While Jesus is describing, generally, the dispersal of primarily the three tribes ("The Jews", 'Judah), there is evidence that there were members of other tribes besides the descendants of the Southern Kingdom were in contact with the Southern kingdom in the time of Josiah:
Here are the verses on that:
2 Chron. 34:9 And when they came to Hilkiah the high priest, they
delivered the money that was brought into the house of God, which the
Levites that kept the doors had gathered of the hand of Manasseh and
Ephraim, and of all the remnant of Israel, and of all Judah and
Benjamin; and they returned to Jerusalem.
This occurs in the time of Josiah, which is well after the invasions that exiled the Northern Kingdom in the time of Ahaz and Hezekiah (2 Kings 18). The only logical conclusion is that some settlements of Israelites were known to the Levites at that time. The book of Tobit would attest to this - Tobit dwelled in Ecbactana, a city of the Medes.
During the time near Jesus' birth, Luke 2:36 attests to Hanna of the tribe Asher, so we have evidence that at least one Israelite from the 12 tribes made in back to Jerusalem to worship at the Temple (most all her life, apparently)
So, when James states in the first verse of his epistle "to the 12 tribes scattered abroad" it seems that these tribes were not 'lost' as we understand them today, but were in a process of re-assimilation into their heritage, a process that continues until this day.
According to Josephus, James died between the procuratorships of Festus and Albinus, so in about 60-61 A.DJosephus sourceJewish Encylopedia, Albinus.
Therefore, at the time of James, the 12 tribes, including Judah, were scattered abroad (Judah being scattering in the Babylonian exile, and never fully leaving exile). However, a (large) remnant of both Judah and a 'small' remnant of 'Ephraim' was still in Jerusalem. So, at the end of the day, this statement can't apply to just Judah unless Anna was the absolute last Northern tribes Israelite to come to Jerusalem, which seems unlikely given the more than 500 year gap between Josiah's time and hers. It doesn't seem likely that the remnant of Ephraim would cease to trickle into Jerusalem for some reason, unless it was destroyed, but would that end their contact with the Jewish people. I don't think so.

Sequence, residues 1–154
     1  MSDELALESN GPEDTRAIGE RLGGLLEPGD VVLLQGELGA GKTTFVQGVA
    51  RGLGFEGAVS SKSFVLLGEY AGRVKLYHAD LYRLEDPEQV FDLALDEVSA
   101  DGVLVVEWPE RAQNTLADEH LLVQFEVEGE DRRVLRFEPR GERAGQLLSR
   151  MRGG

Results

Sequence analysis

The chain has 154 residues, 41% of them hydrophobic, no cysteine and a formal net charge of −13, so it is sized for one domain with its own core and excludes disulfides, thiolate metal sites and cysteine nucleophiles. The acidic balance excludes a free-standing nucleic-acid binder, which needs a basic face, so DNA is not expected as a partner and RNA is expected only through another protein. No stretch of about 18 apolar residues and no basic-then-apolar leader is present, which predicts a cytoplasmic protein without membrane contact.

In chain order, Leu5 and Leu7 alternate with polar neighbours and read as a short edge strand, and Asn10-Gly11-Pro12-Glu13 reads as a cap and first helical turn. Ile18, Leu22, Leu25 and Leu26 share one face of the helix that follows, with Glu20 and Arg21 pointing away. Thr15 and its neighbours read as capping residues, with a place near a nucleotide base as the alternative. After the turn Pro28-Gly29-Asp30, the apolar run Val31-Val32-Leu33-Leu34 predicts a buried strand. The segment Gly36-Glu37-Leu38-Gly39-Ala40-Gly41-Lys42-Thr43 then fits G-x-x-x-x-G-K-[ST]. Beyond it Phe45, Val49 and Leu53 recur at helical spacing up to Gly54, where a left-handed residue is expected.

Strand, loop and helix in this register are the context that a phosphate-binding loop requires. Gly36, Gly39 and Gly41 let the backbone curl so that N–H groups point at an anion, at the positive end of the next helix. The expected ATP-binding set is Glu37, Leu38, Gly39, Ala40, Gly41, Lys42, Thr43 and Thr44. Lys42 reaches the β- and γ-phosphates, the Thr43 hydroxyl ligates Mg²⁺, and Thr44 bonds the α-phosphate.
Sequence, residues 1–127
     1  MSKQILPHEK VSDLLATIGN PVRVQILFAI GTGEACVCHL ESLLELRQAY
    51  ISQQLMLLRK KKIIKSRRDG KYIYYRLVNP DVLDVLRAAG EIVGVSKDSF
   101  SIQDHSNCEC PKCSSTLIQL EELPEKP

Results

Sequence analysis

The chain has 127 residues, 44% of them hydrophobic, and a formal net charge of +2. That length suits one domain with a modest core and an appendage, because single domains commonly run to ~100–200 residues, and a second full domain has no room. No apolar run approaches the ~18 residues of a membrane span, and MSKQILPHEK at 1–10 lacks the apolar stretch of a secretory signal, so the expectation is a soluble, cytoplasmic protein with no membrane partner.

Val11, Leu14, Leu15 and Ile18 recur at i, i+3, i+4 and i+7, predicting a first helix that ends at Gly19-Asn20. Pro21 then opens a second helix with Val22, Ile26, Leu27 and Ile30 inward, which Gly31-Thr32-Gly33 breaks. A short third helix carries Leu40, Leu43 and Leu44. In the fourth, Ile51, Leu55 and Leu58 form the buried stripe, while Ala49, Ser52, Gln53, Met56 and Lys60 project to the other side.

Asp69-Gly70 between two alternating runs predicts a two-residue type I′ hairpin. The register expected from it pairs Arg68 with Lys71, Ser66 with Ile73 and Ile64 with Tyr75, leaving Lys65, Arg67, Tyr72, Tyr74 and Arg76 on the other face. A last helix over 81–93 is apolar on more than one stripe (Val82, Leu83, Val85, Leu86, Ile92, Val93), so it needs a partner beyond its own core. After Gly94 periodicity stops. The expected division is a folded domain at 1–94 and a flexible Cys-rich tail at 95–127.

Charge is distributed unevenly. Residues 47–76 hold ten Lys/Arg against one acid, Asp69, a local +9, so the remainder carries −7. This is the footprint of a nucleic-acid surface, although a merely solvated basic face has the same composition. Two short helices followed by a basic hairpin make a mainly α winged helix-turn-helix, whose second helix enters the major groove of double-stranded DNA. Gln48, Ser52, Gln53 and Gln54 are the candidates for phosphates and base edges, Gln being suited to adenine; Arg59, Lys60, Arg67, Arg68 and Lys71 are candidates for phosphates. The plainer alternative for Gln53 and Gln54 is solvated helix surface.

It was around Passover that Jerusalem was sieged, so a smattering of Israelites from Northern tribes from abroad were most likely there, albeit in proportionally smaller numbers than Judaens.
This passage is clearly referring to the house of Judah (Benjamin, Judah, and Levi) + the 'small' remnant of the Northern house of Israel. It is doubtful that many from any other tribes were dwelling permanently in the land of Israel, though some clearly were. The future return of these tribes, and even Judah's complete return, has yet to happen, though Jews have returned to their land in part. Still, bit more than half are not there, and most of the tiny remnant of the faithful feast-goers among the Northern Tribes has been assimilated into the Jewish people, or killed in 70 AD (my hypothesis). That leaves the future fulfillment of Hosea 1:10, where the people who has literally lost its heritage finds it again, and return en masse to the land of Israel.
It is reasonable to assume that the tiny remnant that did still go to Jerusalem for the feasts was wiped out in 68 - 70 AD though a community of Notsrim was in Pella and other Jews in Javnia (rabbinates) continued to exist in pockets near the land of Israel (Galil and Perea) Flight to Pella. So, 70 AD seems like a date we lost track of the last vestiges of these people...unfortunately the rabbis claim them as permanently lost, acccording to Shabbat 101b in the Talmud, and Rashi (found on https://www.chabad.org/library/article_cdo/aid/2500863/jewish/Where-Are-the-Ten-Lost-Tribes.htm).
If James wrote his letter before 61 AD, then he knew the impending destruction would not wipe on the congregations of Israelites abroad completely, and it was his hope that they would continue to be zealous for the law.
As history has shown, the sect of Jewish Christians who may have comprised of some Northern tribers was persecuted to the point of extinction and re-assimilation in the jewish religion. However, there are some in the mountains to the south of france and north of spain that can trace their ancestry back to these individuals, though I have only heard that from someone who said they'd been there, and have no source for you. Other claims about the lost tribes are hard to trace, but not without a grain of truth that God's people has been displaced far and wide. If the prophecies of total dispersion (Deut. 28) are true, is it not likely that many peoples would claim a blood connection to Israel without being Jewish?
For us to say to these nations, such as the Igbo of Nigeria, who believe themselves to be descendants of Gad, that they are 'lost' when they believe themselves to be true Israelites, is it grounded in Scripture? see link: